Prime Minister gets backlash from flood victims

An angry flood victim confronted Prime Minister David Cameron today as he visited a Kent village seriously affected by the latest storms.

Improved services after David Cameron confrontation

The angry woman who confronted Prime Minister David Cameron yesterday said council services have since improved at her storm-hit village.

Erica Olivares from Yalding in Kent said after the public confrontation with Mr Cameron, rubbish has been collected, street cleaners have been seen in the village and a van with hot food and drink for residents has arrived. She's also been told electricity will return to the village later today.

The video includes an interview with Ms Olivares and part of yesterday's confrontation with Mr Cameron.

Advertisement

Maidstone council criticised over flood defences

Villagers in Kent have criticised Maidstone council over their lack of flood defences following the damage caused to local homes by the storm.

Yalding resident, Erica Olivares, said that her local council had done nothing to help those with severely damaged homes.

In a heated on-camera exchange with the PM, she said: "We still have no electric. We need electric. As I say the council, from Monday we have been trying to contact them, but they have all decided to go on their holidays. Nothing."

It would be nice to have extra money from central government to build someproper flood defences for this part of the country and the county of Kent. This area here in Yalding is very prone to flooding. This is certainly the worst flood that's been in this area for some 30 to 40 years but it does happen far too frequently. The big issue is there needs to be better flood defences built for this part of the Medway river because it's prone to flooding. I think everybody has done everything that they possibly could do to help and support the residents."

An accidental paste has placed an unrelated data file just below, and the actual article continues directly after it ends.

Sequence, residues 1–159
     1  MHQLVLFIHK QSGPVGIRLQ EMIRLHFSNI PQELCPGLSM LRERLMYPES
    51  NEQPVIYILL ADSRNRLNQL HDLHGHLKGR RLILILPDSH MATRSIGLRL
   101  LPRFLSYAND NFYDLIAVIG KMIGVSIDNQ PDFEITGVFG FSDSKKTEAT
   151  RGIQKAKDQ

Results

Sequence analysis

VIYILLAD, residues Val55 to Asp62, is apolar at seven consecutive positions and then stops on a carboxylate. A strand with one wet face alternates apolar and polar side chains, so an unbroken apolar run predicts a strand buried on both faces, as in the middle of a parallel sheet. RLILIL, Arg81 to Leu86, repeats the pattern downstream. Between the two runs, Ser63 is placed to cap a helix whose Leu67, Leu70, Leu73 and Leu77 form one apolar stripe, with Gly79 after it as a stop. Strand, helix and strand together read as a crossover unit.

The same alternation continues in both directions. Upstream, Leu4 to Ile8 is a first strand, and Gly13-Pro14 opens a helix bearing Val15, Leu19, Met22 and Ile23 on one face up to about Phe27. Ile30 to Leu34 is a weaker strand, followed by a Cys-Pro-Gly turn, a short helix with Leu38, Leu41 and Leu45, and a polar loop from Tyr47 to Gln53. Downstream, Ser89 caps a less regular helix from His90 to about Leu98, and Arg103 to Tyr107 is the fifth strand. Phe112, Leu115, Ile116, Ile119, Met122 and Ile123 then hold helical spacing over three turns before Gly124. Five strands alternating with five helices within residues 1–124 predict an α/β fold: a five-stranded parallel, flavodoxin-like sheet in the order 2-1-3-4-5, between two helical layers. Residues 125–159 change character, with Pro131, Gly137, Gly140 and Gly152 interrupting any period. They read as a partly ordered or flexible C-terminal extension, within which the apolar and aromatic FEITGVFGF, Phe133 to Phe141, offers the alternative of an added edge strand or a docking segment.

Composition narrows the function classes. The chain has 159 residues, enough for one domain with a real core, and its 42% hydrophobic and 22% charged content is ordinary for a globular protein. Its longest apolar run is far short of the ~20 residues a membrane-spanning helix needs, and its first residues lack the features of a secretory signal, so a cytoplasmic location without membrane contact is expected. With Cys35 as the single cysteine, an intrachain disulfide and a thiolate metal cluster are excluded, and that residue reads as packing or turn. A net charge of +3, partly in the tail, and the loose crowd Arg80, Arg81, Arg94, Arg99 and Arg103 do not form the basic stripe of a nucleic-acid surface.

– Paul Carter, Kent County Council leader

Cameron's visit to the village where flood damage is 'running into the millions'

David Cameron
David Cameron speaks to villagers in Yalding, Kent Credit: PA Images

When David Cameron visited a flooded Kent village, he didn't expect to come face-to-face with an angry woman who'd been forced out of her home.

In a heated on-camera exchange with the Prime Minister, the unnamed woman said she had been left stranded with no electricity - and efforts to contact her local council in Yalding had been unsuccessful.

Well, today, her local parish council had its say, too.

David Cameron
The Prime Minister chats to villages in Yalding Credit: PA Images

Chairman of Yalding Parish Council Geraldine Brown said residents relied on Sea Scouts with canoes to be rescued.

She said £12 million of damage had been done in Yalding alone, adding that she had asked Mr Cameron for £20,000 for a barrier for the River Beult, a tributary of the River Medway, which runs through the village, to stop future flooding.

David Cameron
David Cameron talks to Environment Agency workers in Yalding Credit: PA Images

Ms Brown said: "We have an emergency plan which went in to action and worked brilliantly. We went knocking on people's doors on Christmas Eve, warning people that this was going to happen, but some people stayed where they were.